3. Software developer advises other software developers to avoid the city.
Why, in this process of events isn't he appealing to the local government more - as a member of a workforce that is able to afford moving pretty trivially and can actually reside in crazy locales like SF it's rather depressing to see lines like:
> I credit myself with discouraging at least a dozen contacts in the tech industry from considering Pittsburgh until the situation improves.
Without even a spare moment's thought to the residents in Pittsburgh that are stuck there.
It seems like he's at least tried.
How is this not the emptiest and most self-righteous form of virtue-signaling we get on HN?
How could you write this comment instead of volunteering at your local soup kitchen and petitioning the government to end homelessness? You'll have to try harder to appease my arbitrary internet expectations of you, or I'll call you out.
I wouldn't expect anyone to subject their children and family and themselves to something they believe is unhealthy if they can afford not to. And I don't see what else this person could do other than support politicians who will empower the EPA.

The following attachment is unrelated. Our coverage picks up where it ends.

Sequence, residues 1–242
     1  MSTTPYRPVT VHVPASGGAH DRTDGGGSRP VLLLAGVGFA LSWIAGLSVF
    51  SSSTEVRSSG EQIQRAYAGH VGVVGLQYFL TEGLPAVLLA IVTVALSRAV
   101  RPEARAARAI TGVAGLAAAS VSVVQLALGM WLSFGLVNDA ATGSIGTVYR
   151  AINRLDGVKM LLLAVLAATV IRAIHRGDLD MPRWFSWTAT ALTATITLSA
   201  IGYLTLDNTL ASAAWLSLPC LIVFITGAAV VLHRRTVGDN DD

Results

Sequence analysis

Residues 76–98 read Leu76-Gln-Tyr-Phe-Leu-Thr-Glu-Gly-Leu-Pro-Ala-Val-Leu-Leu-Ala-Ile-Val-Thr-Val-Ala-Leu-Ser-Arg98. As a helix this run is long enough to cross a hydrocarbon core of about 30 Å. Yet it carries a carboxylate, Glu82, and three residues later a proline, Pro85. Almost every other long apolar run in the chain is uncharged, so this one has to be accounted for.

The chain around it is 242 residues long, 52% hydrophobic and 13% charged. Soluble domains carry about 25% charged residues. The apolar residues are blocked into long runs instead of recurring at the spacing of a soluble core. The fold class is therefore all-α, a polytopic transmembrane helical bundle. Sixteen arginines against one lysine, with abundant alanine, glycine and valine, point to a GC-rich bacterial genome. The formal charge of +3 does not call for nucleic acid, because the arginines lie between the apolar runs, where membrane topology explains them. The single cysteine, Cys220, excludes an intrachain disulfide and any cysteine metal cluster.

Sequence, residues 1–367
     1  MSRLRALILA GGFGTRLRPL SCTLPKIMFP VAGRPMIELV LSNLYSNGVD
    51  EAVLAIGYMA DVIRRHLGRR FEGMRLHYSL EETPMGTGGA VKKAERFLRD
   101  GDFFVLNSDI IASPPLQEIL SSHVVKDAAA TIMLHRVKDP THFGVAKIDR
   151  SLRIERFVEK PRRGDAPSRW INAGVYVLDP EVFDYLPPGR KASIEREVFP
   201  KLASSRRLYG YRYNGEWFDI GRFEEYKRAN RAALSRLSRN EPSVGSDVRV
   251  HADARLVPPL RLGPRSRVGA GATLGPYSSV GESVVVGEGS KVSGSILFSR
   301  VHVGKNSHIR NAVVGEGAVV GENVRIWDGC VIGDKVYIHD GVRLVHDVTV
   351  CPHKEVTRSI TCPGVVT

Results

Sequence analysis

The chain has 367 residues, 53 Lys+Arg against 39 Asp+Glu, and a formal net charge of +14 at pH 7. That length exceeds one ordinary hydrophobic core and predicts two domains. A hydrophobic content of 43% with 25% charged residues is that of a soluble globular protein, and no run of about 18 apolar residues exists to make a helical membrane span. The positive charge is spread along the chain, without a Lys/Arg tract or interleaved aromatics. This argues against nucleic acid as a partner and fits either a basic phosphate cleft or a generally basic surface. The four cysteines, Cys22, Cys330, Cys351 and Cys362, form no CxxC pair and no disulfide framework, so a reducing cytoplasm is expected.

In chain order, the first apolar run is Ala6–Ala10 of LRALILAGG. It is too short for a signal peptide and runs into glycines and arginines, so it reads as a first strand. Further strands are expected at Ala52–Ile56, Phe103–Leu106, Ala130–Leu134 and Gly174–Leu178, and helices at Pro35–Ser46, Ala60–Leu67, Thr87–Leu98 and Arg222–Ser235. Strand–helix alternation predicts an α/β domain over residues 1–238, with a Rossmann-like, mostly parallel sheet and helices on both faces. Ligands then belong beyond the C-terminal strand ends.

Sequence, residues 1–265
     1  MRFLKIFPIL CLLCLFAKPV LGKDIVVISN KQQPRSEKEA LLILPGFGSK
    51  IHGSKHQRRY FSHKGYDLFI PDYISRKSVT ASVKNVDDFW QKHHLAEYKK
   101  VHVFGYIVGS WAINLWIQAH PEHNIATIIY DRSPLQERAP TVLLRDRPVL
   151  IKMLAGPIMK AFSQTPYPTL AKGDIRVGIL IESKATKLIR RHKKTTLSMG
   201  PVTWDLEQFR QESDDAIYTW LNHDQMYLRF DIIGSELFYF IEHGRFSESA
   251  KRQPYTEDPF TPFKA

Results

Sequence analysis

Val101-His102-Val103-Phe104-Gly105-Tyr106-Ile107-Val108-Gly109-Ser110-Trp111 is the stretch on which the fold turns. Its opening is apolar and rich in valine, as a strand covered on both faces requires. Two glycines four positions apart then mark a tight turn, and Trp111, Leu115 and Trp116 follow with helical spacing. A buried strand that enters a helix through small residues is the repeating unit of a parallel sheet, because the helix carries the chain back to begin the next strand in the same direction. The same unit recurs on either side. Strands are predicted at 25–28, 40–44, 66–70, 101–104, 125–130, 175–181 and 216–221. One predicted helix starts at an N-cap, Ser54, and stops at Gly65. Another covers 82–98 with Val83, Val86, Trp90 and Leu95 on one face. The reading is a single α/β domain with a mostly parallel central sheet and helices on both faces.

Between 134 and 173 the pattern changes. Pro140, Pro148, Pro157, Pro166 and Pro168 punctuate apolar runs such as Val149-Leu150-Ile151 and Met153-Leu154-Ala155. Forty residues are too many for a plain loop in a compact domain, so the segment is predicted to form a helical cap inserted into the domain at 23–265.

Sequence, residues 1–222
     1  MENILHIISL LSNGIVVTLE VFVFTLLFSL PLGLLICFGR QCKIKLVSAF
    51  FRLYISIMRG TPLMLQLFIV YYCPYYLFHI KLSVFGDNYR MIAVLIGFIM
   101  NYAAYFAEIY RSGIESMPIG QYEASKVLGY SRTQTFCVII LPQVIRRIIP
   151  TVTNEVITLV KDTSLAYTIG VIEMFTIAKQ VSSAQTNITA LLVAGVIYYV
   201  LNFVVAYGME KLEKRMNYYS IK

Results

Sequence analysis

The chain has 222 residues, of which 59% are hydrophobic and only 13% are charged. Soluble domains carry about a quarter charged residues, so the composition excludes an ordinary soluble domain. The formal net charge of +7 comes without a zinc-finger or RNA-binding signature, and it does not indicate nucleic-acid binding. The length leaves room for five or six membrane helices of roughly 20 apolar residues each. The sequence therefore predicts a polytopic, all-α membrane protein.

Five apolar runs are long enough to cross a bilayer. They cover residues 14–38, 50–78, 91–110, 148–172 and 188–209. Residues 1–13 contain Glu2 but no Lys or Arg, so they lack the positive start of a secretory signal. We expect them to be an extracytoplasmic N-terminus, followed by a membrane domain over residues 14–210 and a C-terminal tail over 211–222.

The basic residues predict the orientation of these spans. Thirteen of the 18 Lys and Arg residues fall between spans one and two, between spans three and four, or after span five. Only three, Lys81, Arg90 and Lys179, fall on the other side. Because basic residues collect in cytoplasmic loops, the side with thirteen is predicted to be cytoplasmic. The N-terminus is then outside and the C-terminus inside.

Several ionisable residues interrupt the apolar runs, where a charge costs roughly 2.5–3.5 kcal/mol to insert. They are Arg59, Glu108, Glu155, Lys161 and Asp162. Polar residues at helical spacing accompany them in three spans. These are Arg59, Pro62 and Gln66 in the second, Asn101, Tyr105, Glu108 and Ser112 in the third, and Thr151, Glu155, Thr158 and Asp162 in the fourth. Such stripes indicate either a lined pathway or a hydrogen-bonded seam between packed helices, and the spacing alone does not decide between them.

> only option is to leave
Classic black and white thinking HN-style weakness.
It’s complicated and involves someone’s entire life circumstances. There’s no catch-all function which only takes the parameter `airQuality` that people adhere to like machines.
Families get entrenched. People have real estate. Culture melds with you. You get connected to the local politics. There are so many reasons that one would attempt to improve or accept their local situation instead of leaving.
I would be shocked if I met someone who would sacrifice their family's health if they had a decent option where they wouldn't have to. This probably doesn't apply to most people, as they might have to weigh trade offs such as moving away from family and whatnot, but the person who wrote the article is obviously earning far above most, and can afford to easily move.